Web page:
I showed a few Morse Keys on my old web site, I am not an avid collector, nor am I a Morse mode addict. However I am so glad that to obtain my Licence I had to learn the code, I would not want to be without the skill.
Recently IZ0GNY contacted me re the Bathtub Key.
Right Click on pictures and select View Image for full size.
This key was used aboard the Lancaster Bomber and had a degree of sealing against the ingress of water. My friend and fellow Ham G3JJW knows of a good reason for this, he was a Rear Gunner on a Lancaster that ditched into the North Sea. The technique for ditching and being able to escape the Aircraft which was now in danger of becoming a Submarine was for the Pilot to hit the sea hard with the rear end, thus snapping the tail end off. His ditching went to plan and he was out of Lancaster and into a Dinghy with the rest of the crew. Orange dye was used to stain the search area for rescue crews, John G3JJW thereby joined the Goldfish Club, the exclusive group of Airmen pulled from the sea looking like a Goldfish.
Whether the waterproofing of the Bathtub Key allowed any last minute position information to be sent on this occasion I don’t know.
I purchased my Bathtub Key when I was 16 Years old from a store which sold ‘Army Surplus’ it was new in a cardboard box and wrapped in many layers of waxed paper, straight from the Quartermasters stores. I still recall the smell as the wrapping was removed, wax and Bakelite. A rubber diaphragm between the Key Knob shaft and the Body soon perished and crumbled I completely removed this and the ring that secured it.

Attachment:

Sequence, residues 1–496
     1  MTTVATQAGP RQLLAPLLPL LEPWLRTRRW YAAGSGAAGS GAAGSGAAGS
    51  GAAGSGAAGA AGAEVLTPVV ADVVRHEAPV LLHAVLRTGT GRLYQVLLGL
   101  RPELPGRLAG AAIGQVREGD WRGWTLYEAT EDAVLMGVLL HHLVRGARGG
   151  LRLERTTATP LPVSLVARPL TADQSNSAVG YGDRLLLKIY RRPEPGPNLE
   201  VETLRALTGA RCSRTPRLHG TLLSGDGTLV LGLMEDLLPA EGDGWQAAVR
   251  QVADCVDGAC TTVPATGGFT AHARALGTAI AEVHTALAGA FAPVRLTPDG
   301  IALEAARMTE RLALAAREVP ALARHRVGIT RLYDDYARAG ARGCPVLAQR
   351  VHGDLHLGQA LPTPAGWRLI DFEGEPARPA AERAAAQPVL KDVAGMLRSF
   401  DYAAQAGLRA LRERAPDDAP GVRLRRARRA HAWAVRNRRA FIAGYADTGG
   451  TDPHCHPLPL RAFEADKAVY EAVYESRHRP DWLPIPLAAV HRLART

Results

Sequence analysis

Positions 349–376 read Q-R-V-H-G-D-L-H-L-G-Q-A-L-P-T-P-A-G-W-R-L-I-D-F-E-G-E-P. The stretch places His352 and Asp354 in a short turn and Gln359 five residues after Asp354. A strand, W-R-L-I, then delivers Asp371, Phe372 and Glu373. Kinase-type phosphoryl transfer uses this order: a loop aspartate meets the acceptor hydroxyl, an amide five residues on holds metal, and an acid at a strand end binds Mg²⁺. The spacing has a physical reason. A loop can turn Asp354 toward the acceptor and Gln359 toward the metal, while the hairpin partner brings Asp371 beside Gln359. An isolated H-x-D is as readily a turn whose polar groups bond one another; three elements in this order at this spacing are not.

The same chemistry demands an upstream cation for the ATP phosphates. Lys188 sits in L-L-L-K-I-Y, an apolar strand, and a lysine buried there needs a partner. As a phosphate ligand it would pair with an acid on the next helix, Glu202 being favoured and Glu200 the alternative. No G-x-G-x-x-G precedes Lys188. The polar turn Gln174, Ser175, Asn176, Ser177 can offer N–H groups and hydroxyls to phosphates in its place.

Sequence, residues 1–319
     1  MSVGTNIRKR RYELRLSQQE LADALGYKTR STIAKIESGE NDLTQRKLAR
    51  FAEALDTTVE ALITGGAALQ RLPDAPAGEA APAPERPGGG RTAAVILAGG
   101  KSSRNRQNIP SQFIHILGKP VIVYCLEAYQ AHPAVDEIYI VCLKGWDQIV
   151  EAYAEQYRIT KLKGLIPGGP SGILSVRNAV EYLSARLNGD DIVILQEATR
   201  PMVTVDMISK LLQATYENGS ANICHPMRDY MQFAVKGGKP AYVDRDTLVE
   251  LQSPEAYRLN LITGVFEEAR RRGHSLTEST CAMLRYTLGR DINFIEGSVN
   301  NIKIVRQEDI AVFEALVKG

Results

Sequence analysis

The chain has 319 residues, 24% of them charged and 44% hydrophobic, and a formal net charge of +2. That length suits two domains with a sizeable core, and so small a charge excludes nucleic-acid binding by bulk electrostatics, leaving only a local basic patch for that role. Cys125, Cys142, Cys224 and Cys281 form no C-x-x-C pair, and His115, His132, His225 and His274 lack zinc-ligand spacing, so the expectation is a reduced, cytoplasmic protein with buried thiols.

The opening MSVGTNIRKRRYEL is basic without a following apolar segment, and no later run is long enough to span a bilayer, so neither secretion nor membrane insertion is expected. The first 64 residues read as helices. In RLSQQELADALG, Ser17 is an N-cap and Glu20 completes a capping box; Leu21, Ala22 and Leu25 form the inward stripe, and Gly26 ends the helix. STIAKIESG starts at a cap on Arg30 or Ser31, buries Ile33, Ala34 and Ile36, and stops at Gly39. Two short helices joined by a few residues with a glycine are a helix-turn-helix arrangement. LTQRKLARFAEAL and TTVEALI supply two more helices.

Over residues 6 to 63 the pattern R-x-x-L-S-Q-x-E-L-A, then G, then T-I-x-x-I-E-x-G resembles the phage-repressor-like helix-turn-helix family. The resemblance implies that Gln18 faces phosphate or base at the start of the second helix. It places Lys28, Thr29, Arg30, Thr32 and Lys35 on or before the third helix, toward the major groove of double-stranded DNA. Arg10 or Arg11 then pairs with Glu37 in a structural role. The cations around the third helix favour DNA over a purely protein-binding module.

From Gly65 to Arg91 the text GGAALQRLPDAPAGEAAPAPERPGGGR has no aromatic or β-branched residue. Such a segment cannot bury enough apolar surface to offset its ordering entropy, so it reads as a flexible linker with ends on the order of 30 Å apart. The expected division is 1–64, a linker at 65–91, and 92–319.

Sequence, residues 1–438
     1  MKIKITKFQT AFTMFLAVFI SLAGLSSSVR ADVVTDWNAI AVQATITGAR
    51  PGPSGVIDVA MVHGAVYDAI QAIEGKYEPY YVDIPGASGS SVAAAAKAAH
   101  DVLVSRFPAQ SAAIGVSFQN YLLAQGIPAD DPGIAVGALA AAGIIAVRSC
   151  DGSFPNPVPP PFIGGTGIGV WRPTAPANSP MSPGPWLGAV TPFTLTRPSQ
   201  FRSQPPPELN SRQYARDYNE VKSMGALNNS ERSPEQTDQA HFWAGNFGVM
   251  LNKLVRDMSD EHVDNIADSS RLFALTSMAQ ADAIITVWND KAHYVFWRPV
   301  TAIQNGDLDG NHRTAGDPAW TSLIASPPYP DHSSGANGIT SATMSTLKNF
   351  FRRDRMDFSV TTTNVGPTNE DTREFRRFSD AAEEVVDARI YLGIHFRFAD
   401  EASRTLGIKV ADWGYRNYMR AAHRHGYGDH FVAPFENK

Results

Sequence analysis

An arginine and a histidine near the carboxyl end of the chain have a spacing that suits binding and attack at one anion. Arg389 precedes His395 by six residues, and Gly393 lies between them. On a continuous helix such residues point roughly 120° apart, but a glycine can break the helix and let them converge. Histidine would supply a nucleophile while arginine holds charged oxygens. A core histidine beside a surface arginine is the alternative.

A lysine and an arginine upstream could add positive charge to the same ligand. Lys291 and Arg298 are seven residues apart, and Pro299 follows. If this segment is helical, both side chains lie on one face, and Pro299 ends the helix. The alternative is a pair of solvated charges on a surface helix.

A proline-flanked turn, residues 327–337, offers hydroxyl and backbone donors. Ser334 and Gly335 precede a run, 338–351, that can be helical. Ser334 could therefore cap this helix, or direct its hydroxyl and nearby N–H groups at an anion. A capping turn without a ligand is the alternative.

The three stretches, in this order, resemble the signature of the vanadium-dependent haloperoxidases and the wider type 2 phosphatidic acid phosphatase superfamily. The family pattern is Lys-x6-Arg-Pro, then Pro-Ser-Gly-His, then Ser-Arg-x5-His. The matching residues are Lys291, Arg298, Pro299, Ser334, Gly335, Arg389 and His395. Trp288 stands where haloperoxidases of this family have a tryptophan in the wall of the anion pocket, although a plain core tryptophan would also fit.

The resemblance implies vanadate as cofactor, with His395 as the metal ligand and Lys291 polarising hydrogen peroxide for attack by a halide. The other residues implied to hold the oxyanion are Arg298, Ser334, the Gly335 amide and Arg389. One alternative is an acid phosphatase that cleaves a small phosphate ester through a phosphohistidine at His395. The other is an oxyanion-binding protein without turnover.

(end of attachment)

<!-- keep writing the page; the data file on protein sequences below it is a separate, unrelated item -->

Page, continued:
The top section hinges open after unclipping the Phosphor Bronze catch.
In contrast to the Bathtub Key is my Home Built Squeeze Key.
I sourced most of the material for this key which is based on a design in the American 73 magazine many years ago. The details were provided for it to be build of Perspex (Plexiglass). By this time my son was perhaps a little more than 16 years old and an apprentice Pattern Maker. I persuaded him and he persuaded his employer that this engineering task with so many varied disciplines was an ideal project for spare moments at work.
It took him some time but the results are superb. The rectangular Steel base does not rust due to an etching technique used. The Phosphor Bronze parts I purchased as scrap are similarly treated.
In the above picture I see I have knocked the left hand segment out of its pivots whilst moving it for the photograph. Those movable segments pivot on small Ball Bearings which are force fitted into holes in the Phosphor Bronze these locate into cups in the end of short Steel Pillars, four in all, the left and right top pair can be seen in the picture.
The fixed contact adjustable supports stand on a rod of Ebony timber. The contacts are Copper treated as the other metal parts I have never had to clean them.
The Paddles are solid Rosewood. To show his art (if you ever turn the key over) my son produced the base plate cover of Quartered solid Rosewood. The key is a piece of workmanship of which he should be proud.